also, do you have any feedbacks regarding the service provided by taxback.com? im thinking of trying that to get the the remaining 20%. thanks!

  38. To all,
    Pension refund was received promptly on the 15th Aug – it seems that the 15th of the month is the magic day for payments for all you still waiting.

    They seem to convert it in Japan and send it in your local currency which usually means a better exchange rate and also i wasnt charged anything by my bank for receiving it.

    Now I have to apply for the refund of the taxed 20%. Anyone have experience of how long this takes. I already sent the docs to my tax rep so is it a 1-2 month wait or longer???

  39. Hi all.. I do not have the blue pension book. I’ve already tried contacting my former employer in Japan and I am unable to get this blue book. So, do I absolutely need to send this blue book in with my forms in order to receive the lump-sum? Has anyone out there tried to do so without the book? Any help on this will be much appreciated!!

  40. Yes, you can mail in the Tax Representative Declaration form after you’ve left Japan, so I don’t see any problem with doing that to change the Tax Representative either.

    When you quit your job in Japan, your employer should of sent you your welfare pension book and the employment insurance certificate. If they didn’t, try contacting the Japan Pension Service on 03-5344-1100. Expect them only to talk Japanese.

    If you take the lump-sum payment, you will not be entitled to any future pension payments based on work used to calculate your lump-sum. Also, they recently changed the law so that you only need to contribute for 10 years before you can claim pension benefits upon reaching retirement age. It used to be 25 years.

    If your transfering out of Japan, but will continue to work for the same Japanese company, check with their payroll department about whether you will remain in the Japanese pension system or if your pension contributions in Japan will get transfered to a pension scheme in the country you are moving to.

  41. Whoops. Incorrect information. I just checked to be sure, but the law change for reducing the number of years of contributions wasn’t put into effect by the new Japanese government, so it’s still 25 years. Not 10.

    And the pension is not a lot. According to the JPS website – http://www.nenkin.go.jp/english/np.html – if you have been fully contributing into the national pension scheme for 40 years, you get 788,900 Yen a year at age 65.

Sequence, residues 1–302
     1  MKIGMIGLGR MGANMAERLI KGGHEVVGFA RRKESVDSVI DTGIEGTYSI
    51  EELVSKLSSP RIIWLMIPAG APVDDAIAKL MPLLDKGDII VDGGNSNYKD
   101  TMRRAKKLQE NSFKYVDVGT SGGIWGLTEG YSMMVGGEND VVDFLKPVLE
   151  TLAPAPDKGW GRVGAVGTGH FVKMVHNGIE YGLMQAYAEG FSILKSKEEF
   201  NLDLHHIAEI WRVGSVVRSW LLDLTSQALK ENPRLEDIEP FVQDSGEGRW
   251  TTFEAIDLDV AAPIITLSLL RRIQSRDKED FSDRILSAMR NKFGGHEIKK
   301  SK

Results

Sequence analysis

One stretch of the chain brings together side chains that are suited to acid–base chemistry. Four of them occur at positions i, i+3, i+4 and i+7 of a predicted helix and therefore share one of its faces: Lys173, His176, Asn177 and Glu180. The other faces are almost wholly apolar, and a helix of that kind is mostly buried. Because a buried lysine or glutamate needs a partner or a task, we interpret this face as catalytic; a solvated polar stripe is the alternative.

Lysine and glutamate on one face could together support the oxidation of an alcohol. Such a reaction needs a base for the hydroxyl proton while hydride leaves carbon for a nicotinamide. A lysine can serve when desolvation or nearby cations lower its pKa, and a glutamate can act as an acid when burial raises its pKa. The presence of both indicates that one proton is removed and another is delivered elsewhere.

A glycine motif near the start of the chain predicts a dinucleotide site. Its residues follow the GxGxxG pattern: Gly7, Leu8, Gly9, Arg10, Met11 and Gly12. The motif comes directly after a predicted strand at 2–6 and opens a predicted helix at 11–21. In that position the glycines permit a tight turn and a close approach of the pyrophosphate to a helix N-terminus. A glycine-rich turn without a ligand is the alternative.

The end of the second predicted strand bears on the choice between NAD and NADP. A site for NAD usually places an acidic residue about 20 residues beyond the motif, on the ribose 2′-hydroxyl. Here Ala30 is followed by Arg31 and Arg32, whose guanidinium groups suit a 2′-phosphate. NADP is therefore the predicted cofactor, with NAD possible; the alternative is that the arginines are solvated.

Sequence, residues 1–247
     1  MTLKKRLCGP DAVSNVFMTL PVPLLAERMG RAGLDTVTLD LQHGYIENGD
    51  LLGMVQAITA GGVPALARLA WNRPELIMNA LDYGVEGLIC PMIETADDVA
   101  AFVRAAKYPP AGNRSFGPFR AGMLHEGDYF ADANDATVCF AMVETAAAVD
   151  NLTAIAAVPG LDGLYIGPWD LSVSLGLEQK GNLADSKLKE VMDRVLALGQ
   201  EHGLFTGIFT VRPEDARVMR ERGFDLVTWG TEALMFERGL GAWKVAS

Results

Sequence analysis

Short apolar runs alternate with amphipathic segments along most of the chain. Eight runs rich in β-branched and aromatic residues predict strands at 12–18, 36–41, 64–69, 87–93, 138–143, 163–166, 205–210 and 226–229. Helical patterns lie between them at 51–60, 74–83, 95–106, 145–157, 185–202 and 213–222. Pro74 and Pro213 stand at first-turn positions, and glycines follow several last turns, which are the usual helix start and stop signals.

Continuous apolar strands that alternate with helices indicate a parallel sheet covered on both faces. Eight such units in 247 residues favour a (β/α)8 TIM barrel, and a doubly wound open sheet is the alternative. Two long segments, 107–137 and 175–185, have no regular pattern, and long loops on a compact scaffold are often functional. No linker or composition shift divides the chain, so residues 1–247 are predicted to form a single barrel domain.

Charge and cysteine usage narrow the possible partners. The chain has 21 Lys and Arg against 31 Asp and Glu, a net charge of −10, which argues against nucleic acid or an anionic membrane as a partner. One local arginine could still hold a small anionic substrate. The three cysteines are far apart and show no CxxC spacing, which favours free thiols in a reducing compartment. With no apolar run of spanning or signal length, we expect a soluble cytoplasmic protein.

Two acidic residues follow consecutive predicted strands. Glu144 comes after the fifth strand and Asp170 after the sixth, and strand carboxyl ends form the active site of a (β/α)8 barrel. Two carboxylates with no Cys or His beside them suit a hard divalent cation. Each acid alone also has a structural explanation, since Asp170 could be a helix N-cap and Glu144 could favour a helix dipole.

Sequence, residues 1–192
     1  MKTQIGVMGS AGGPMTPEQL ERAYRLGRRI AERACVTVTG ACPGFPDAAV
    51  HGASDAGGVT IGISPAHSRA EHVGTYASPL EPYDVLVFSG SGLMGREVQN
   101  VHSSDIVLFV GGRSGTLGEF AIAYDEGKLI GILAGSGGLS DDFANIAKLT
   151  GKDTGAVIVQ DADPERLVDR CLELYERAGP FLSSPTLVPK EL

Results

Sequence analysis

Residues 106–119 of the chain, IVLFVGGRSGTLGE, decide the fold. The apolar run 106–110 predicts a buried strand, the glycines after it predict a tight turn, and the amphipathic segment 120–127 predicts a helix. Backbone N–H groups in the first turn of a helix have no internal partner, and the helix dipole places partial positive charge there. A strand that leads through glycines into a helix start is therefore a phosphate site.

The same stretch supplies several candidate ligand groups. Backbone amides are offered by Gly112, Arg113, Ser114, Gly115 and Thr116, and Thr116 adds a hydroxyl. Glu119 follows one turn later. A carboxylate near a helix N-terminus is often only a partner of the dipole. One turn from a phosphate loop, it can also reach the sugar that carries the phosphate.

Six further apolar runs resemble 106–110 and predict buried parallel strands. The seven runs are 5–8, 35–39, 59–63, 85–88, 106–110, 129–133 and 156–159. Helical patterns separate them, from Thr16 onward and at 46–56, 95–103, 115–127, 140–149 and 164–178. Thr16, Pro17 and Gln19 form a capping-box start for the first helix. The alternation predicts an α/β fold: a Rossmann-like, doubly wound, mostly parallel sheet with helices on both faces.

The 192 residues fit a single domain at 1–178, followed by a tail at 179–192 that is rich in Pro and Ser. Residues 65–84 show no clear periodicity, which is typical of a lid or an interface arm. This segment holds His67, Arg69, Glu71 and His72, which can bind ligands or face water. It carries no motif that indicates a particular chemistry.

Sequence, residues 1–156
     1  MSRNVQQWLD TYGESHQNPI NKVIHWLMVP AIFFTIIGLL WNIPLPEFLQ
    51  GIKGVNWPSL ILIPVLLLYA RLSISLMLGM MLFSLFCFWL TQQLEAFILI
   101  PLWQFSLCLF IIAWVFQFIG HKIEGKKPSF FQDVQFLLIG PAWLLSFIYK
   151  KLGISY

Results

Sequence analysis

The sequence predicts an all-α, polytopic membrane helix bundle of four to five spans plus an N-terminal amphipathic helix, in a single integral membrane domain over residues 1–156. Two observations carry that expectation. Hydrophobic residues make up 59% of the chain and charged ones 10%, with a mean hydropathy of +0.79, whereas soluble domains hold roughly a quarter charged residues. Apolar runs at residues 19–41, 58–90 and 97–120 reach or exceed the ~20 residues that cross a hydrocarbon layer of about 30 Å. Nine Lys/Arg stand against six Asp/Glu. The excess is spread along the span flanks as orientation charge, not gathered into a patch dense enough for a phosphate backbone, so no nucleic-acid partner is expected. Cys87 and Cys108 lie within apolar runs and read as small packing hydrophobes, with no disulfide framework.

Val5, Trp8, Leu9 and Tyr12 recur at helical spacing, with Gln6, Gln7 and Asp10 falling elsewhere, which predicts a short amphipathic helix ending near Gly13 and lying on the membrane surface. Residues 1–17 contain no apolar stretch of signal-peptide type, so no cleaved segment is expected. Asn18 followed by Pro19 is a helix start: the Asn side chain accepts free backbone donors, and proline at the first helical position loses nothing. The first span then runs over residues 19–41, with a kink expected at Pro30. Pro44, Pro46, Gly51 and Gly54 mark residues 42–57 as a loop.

Yes. You read right. I’m not missing a digit, and I did say per year. A pitiful amount really.

    However, for those in the employee pension scheme, there is the basic part, and then the part that is calculated based on your average monthly remuneration, and both include payments for dependents, etc.

    Basically, it’s impossible to say with any accuracy what your yearly pension would be at age 65, and there is also the old-age payments made between 60 and 65 – or it is 60 at the moment. They intend to increase that age.

  42. http://www.nta.go.jp/tetsuzuki/shinsei/annai/shinkoku/pdf/07.pdf

    @jen

    Have a trusted friend or family member who is in Japan and understands Japanese download the above form, complete it, and post it to the tax office of your old ward.

    You then send that person the approval for lump sum payment letter, which they take to the tax office and complete a tax income form. The returned tax is paid into their bank account, and then you have them transfer that money to you.

    Please note that this only applies if you received the lump sum payment from Employees’ Pension. If you got it from National Pension then you didn’t pay tax on it anyway.

  43. I have a question. I was on the JET program and left after three years in July 2010. My work visa was canceled and I went on a tourist visa. I came back to Japan and received a new work visa in November of 2010. Will this effect my two year window for requesting back the pension money?

  44. @There and back again

    Since you are back in Japan working, you cannot claim for your lump sum payment anyways.

    Please note condition #3:

    “Persons who do not have a place of residence in Japan (only those that had a proper visa on or after November 9, 1994 and then left Japan)”

    Just make sure your new employer has your old pension details and they should continue the payments. When you do finally leave Japan for good, then you can claim on more than 3 years worth of pension premiums.

    Not that that would make much of a difference. 🙁

  45. @Andy

    Thank you for your reply. I think my new employer has those details but I’ll have to check.

    Another question. If I take up permanent residency here there is no chance of being able to request the pension as well unless I cancel the residency? Is that correct?

Leave a Reply

Your email address will not be published.